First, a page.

I'm so honored to welcome the third in a series of guests posts from the awesome Boss Mom community! Thank you to Amy Napoli for this week's post!
We hear about it on the news, in magazines, and from our doctors. We know we should minimize its impact on ourselves and families.
Our bodies are wired to manage stress. However, we live in an age of where it’s occurring continuously, throughout most of our day. The body is set up to respond with various hormones and physical responses when it feels stress, but it’s unable to discern between stress of work and being chased by a lion. It just knows it’s being stressed.
So. what’s the big deal? How is it effecting our health?
Uncontrolled stress can lead to health issues such as heart disease, high blood pressure, diabetes, and obesity. Physically, we can feel symptoms of headaches, fatigue, stomach issues, and change in sex drive, to name a few. Stress can also affect our mood, focus at work, and relationships with other’s.
5 areas to help manage your stress:
Sleep: Lack of sleep or deep sleep affects stress levels and in return, stress can cause insomnia. Implement healthy sleep habits – wake and rise at the same time, minimize exposure to blue light in the evening (turn off those electronics), and limit alcohol and caffeine. Make sleep a priority in your schedule so your body has time to rest and repair.
Nutrition: Improper nutrition can cause us to be foggy headed, irritable and cranky due to sugar spikes and drops, and decrease our immune health. Look to fuel your body well with a balanced diet of whole foods (think lean protein, veggies, and whole grains). Minimize cravings and mood swings by avoiding highly processed, sugar foods. So often, when we are stressed out we will reach for comfort foods or unhealthy options. Ask yourself HALT (Hungry, Angry, Lonely, Tired) and be aware of why you are choosing the foods you are picking.
Exercise: Get up and move! Exercise is known to help lower stress levels by producing endorphins in our bodies, promoting better sleep, and stabilizing moods. Pick the exercise you enjoy and schedule it into your daily agenda. Take mini-breaks throughout the day to walk around the block or stretch.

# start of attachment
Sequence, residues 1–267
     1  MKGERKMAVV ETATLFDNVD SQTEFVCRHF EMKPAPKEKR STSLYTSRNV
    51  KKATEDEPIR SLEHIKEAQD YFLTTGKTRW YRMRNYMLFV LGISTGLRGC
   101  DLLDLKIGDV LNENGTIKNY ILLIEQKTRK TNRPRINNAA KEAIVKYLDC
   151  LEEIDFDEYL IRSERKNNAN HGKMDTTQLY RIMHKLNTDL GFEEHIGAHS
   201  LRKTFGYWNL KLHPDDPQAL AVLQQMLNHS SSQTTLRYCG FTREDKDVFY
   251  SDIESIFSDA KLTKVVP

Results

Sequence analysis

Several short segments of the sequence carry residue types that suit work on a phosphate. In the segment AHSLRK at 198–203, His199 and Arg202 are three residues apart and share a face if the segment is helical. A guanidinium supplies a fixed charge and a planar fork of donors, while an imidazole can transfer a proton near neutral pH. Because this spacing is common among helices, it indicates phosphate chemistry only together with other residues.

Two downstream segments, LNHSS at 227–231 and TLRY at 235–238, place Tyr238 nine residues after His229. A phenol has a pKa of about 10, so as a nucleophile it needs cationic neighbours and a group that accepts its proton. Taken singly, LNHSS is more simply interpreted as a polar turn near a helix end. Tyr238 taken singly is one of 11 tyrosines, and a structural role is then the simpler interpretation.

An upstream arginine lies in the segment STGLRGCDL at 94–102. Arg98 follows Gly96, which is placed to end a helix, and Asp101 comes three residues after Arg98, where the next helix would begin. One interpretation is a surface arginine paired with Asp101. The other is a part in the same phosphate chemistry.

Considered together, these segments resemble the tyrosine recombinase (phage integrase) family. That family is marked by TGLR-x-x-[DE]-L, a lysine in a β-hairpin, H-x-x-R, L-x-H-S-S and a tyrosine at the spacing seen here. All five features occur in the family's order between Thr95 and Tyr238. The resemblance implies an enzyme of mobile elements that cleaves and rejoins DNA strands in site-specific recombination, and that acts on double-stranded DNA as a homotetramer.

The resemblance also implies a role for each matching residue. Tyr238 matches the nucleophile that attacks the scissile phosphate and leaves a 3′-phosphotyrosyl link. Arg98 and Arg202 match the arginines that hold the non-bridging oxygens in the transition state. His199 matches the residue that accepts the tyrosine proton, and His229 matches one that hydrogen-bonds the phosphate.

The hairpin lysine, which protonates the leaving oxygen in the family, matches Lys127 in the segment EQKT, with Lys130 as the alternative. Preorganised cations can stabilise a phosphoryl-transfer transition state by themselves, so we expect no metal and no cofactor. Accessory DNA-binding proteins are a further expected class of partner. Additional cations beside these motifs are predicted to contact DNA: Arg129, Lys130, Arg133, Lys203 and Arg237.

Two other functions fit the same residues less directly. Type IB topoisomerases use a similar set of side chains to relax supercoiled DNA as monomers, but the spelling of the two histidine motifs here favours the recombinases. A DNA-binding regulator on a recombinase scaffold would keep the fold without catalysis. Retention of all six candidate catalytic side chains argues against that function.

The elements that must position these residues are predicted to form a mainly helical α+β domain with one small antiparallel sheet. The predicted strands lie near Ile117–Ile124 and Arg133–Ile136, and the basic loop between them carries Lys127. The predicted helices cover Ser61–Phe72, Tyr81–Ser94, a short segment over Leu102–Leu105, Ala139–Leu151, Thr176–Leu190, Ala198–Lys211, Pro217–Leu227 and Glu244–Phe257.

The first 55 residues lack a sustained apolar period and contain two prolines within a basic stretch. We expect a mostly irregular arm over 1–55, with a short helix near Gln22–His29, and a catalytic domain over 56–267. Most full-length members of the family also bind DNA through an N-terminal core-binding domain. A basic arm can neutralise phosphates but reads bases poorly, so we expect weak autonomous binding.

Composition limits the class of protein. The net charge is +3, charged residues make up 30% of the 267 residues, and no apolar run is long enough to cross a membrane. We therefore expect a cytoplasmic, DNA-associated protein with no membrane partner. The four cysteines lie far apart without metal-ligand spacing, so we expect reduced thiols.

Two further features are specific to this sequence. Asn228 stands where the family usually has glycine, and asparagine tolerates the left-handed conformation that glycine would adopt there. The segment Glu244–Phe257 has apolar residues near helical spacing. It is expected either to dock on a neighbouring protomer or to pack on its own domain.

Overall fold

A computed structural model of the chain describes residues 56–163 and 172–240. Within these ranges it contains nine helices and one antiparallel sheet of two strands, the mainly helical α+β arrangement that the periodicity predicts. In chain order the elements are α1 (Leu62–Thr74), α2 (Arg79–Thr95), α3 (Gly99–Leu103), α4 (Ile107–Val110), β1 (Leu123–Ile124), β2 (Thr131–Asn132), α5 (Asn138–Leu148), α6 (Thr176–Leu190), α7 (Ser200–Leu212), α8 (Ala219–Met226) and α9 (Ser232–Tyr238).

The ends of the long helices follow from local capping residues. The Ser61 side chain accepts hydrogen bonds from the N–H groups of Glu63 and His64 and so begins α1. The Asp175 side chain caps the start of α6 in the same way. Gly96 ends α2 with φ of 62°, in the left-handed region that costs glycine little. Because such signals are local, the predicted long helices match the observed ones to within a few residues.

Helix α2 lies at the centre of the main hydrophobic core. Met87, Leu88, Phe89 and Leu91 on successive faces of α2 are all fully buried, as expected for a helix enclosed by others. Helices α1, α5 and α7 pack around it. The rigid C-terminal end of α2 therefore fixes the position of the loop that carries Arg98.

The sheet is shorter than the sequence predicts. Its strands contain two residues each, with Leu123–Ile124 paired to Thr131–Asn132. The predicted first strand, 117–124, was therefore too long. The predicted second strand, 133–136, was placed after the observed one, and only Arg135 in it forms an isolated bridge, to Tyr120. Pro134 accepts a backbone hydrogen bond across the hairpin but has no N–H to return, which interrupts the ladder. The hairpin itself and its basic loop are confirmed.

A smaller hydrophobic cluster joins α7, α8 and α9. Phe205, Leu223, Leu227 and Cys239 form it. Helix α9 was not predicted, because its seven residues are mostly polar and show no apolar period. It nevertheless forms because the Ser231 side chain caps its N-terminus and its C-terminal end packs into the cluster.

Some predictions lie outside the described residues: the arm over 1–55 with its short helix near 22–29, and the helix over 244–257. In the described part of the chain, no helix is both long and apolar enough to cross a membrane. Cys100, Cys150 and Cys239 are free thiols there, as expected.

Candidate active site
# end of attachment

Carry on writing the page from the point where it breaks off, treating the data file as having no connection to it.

Prep & Plan: Help control daily stressors by having a plan for the day. Some of the biggest added layers of stress come from our hectic daily schedules and meal times. Once a week sit down and look at where everyone in your house needs to be. Schedule into the calendar and look for potential pitfalls before they occur. Have a plan to ask for help so you are not double booked and running in two different directions. Plan dinners for the week and take time over the weekend to begin prep to make meal time smoother. Cut veggies and cook meals that are nutritious and can be reheated easily. Always have a plan B! Even the best prepped plans can derail with unexpected changes. It will be so much easier to change focus when you know you have a plan in place.
Self-Care: This is the most overlooked area of managing stress. First, it’s not selfish, it’s essential. We have plans to take care of everyone else, but in the end our own batteries are depleted. Ultimately, we have nothing left to give those who need us most. A day at the spa or a fabulous vacation could be the cure, but not reality for most of us. Try to incorporate daily moments of self-care that are simple and require minimal time. Sit for 5 minutes with your eyes closed and breathe deeply, meditate, or read a book. Small moments will add up to a calmer day.
There will always be stress in our lives, but our ability to handle or minimize it greatly influence its impact on our health. Set yourself up for success and begin to incorporate the above techniques. Habits take time to become part of our routine, so continue to focus on fitting them in daily. You are so worth the effort!
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I help busy, ambitious leaders to step off the emotional eating roller coaster, so they can lose weight and keep it off, still eat all the foods they love, and finally find the work life balance they crave.